How to fix that mistake commit you just pushed to your git repository

I’ve already written a time or two how you can use git rebase to change your commit history as you work. Handy handy.. I think everyone should know how to do that.

Next up.. what if you pushed a commit and realize it’s not so great. First of all, everyone discourages this of course. The encouraged way is to just make another commit that fixes what you want different. We all want to break that rule every now and then though. Here’s how…

1) Fix your current branch (usually master).
Use the commit –amend or rebase to make it the way you want.
2) Remove the remote master

> git push origin :master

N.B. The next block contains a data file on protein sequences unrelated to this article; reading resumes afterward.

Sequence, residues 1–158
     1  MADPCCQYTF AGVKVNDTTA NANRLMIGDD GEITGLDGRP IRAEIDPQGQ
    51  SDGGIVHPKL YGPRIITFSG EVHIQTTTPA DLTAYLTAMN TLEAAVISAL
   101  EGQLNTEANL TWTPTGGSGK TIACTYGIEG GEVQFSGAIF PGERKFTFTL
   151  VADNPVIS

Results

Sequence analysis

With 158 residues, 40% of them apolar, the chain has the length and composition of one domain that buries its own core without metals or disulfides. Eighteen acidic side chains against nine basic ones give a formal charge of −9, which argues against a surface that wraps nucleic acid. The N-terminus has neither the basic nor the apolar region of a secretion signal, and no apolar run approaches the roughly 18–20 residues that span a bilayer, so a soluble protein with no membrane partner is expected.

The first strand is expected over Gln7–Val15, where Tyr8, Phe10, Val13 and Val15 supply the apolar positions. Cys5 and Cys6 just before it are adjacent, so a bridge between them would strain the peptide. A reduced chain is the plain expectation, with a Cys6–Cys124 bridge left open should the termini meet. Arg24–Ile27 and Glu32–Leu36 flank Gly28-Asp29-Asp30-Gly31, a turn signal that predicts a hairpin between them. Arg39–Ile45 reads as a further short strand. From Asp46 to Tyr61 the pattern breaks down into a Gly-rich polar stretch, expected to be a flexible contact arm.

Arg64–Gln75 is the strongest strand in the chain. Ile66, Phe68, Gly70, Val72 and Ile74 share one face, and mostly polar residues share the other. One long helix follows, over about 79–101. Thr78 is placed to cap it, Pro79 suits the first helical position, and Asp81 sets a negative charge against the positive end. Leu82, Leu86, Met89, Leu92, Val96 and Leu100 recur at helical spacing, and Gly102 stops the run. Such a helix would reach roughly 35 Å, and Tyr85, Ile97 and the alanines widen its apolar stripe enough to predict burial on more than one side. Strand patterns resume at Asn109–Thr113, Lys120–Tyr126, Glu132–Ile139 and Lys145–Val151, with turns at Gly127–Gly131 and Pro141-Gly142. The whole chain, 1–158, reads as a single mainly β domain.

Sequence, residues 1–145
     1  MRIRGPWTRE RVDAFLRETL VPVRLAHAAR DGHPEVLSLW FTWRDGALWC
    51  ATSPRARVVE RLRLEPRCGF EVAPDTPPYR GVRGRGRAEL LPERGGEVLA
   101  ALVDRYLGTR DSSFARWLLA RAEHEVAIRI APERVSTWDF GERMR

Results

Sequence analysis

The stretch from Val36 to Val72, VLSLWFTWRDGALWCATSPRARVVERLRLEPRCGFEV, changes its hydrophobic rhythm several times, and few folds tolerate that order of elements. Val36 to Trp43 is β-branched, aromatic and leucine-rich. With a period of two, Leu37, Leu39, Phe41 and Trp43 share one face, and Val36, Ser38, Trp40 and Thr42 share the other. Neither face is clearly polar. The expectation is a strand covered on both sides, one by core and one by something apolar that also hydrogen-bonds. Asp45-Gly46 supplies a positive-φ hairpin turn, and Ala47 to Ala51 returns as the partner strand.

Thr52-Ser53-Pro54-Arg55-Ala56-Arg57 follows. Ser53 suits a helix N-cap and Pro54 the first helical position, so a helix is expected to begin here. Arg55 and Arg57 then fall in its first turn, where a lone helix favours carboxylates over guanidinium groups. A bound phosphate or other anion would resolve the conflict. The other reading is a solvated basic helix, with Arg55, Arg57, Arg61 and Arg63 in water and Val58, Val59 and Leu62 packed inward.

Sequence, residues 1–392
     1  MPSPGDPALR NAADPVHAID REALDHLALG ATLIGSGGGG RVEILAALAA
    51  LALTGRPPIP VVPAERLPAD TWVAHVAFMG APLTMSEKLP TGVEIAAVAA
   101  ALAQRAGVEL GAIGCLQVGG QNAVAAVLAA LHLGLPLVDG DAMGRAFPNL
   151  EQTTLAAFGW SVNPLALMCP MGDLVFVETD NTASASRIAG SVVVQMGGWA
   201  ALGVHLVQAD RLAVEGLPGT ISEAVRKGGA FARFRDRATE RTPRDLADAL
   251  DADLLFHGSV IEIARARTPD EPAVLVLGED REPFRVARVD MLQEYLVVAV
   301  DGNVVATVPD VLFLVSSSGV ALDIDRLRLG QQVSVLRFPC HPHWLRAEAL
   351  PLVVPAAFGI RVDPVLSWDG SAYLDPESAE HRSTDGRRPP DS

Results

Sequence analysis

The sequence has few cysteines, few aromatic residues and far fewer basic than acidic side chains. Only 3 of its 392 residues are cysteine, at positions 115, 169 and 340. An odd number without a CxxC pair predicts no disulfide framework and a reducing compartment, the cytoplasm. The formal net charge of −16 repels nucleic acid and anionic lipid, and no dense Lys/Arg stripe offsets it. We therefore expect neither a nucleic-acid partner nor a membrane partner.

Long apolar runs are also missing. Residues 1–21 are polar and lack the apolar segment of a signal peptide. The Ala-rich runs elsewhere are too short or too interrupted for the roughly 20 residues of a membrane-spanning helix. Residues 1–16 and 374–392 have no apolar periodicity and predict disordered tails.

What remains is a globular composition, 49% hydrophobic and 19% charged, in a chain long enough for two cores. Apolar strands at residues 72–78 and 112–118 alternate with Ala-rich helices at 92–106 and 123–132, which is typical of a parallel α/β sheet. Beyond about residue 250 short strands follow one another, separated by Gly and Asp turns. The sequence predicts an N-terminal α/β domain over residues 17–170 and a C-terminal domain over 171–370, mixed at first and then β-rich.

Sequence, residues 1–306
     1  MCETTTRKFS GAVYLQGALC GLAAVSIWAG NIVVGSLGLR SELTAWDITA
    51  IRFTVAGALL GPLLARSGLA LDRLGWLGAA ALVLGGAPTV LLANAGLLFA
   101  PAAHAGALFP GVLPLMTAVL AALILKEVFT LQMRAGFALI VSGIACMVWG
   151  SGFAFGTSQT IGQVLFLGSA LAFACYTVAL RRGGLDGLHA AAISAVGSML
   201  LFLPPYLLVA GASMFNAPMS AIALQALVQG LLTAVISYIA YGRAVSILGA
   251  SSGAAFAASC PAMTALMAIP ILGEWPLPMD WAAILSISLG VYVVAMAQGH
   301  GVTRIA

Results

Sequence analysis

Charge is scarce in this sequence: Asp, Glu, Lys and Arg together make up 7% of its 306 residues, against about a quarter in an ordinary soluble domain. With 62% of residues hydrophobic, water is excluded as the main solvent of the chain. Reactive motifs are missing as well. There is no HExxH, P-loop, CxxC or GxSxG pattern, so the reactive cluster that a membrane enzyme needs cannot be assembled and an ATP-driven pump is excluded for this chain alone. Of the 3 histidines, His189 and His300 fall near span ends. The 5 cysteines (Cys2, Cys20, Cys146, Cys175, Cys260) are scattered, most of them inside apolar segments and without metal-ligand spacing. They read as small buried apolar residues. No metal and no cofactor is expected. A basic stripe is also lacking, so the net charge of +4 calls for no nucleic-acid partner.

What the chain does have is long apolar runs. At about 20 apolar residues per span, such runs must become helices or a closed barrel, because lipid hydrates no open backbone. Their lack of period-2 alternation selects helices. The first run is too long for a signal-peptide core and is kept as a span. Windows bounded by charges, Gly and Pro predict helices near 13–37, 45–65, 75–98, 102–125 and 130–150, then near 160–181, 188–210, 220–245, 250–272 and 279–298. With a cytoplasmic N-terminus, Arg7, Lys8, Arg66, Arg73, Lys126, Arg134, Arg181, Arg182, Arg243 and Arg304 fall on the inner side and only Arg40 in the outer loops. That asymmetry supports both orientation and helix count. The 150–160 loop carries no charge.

3) Push your rewritten master back to origin.

> git push origin master

OK, newer versions of git deny deleting the current branch. Just set a property to allow that first then you’re good to go.

> #ssh/cd or whatever to origin repository
> git config receive.denyDeleteCurrent ignore

Lastly, what if someone actually pulled your changes after you pushed them? They just need to reset to an earlier commit and pull again

> git reset --hard HEAD^ # or whatever sha or previous revision that was common.
> git pull # gets the latest version with the corrected commit now.

Have fun.

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